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I have a software (in cloud) with so many registered users.

I want to restrict the number of users logged in at a time to certain number (configuration based, let's say 100).

If the 101 user tries to login he should be placed in queue with priority 1, subsequently 102 user should be 2 in queue, I know at every time a logged in users request is hitting the server the sess_file access time will be updated.

What should be the logic from here? Should I check the last accessed time of all the sess_file and log-out the uses that are idle? and how will I manage the waiting queue?

Software is done with PHP-MySQL.

When the user is logged in I mark the column as logged in in user table, and when the log-in page is loaded if the total logged in user count is 100, the 101 user who is trying to log-in is directed to a intermediate page which will check via ajax call fired at an interval of 5 mins that if any user is logged out. If a slot is available it redirects to the log-in page, automatically logs in and redirects to the user dashboard. But I want to know any better practice is there.

Mostly I want to know the invalidation of logged in user by checking the access time of sess_file is the right way to do it?

  • Your idea sounds good. As a user, I can open another browser tab, and do other things while I'm waiting to log on. Most other websites just tell the user, "Sorry, server full." – Gilbert Le Blanc Aug 28 '13 at 14:03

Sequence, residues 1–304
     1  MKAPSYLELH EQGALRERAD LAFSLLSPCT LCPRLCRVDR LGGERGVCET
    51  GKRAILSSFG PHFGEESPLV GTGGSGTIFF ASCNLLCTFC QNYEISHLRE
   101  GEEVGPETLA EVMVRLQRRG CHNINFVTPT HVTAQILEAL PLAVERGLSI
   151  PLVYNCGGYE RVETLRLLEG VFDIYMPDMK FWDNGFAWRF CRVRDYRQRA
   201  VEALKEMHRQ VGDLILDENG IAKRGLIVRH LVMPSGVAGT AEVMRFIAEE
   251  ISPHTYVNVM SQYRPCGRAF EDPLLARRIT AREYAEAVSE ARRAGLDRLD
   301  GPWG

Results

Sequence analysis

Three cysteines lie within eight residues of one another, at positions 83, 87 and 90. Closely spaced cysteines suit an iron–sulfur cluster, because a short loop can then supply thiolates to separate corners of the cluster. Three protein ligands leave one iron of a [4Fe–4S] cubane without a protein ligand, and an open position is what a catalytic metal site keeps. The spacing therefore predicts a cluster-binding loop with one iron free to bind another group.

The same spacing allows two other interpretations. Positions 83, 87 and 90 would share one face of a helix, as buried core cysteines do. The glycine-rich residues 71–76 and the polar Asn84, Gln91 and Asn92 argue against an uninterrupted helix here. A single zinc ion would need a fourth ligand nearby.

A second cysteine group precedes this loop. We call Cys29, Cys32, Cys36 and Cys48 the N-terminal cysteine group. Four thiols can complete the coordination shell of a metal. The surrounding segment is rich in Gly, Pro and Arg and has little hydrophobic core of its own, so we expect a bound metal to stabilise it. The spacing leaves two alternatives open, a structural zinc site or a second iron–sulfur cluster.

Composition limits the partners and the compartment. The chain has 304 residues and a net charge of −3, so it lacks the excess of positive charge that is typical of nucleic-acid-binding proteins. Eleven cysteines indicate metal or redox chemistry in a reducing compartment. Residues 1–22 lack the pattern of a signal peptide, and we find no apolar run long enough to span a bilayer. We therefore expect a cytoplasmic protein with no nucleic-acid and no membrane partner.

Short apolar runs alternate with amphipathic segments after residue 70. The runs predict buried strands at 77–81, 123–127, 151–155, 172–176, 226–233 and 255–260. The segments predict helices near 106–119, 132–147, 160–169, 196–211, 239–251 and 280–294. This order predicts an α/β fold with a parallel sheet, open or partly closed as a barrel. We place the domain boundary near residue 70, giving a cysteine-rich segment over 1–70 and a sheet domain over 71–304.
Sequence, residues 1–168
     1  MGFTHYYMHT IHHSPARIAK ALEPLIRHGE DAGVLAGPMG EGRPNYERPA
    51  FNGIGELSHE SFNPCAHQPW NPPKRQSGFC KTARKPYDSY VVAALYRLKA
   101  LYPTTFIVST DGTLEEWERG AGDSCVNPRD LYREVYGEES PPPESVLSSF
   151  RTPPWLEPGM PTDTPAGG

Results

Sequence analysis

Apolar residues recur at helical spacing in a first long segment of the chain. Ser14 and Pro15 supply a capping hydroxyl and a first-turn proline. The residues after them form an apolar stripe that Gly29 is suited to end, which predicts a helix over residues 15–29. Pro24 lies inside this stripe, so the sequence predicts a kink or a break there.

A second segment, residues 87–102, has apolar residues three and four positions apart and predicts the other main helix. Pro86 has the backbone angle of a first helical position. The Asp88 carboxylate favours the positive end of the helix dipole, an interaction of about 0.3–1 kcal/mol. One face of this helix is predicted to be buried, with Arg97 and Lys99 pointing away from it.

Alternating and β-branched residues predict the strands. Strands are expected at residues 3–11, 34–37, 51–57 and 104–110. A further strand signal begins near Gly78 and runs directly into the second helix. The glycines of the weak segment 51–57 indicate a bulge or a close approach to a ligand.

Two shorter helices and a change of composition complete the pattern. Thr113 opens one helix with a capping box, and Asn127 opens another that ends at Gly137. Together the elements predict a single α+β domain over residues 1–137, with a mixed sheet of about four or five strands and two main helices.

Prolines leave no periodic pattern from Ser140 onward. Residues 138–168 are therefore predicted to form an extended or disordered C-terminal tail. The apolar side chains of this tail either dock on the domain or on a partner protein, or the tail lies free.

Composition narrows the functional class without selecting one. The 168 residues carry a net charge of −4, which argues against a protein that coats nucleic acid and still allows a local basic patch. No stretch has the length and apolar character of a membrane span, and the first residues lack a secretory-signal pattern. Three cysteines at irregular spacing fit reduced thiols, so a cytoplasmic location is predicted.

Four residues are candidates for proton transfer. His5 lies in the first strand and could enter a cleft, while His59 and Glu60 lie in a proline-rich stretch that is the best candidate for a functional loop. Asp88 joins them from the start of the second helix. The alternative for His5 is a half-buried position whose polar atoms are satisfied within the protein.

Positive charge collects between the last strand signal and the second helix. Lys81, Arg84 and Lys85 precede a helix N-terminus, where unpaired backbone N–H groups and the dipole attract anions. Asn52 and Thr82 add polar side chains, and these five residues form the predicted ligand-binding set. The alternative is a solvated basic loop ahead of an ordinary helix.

• Next to development you could take a look at some commercial solutions available: queue-it.com netprecept.com etc. They have those concepts available and it might also inspire you about features etc. – Luc Franken Aug 28 '13 at 16:04
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    What is the particular reason for the need to do this in the first place? – GrandmasterB Aug 28 '13 at 16:18
  • @GrandmasterB: yes the business reason. the clients needs it like that. he should have the power to restrict the number of users at any given point of time – zamil Aug 28 '13 at 18:03
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First off, put the session data in a database, don't rely on files. Once in the database, it'd be easy enough to track the number of active sessions with a simple query.

The main problem you are going to face is determining whether a user is idle or has closed their browser instead of manually logging out. You'll want some sort of 'keep alive' connection that tells your server the person is still logged in. A simple ajax request every 30 seconds or so should do the trick. If the server stops receiving that, you know to mark that session as logged out.

  • yes i am doing the same thing. from the parking page it sends an ajax request every 5mins to check the last modified date of sess_file files. but i am asking whether that is the best method to understand whether a user is idle? – zamil Aug 28 '13 at 18:43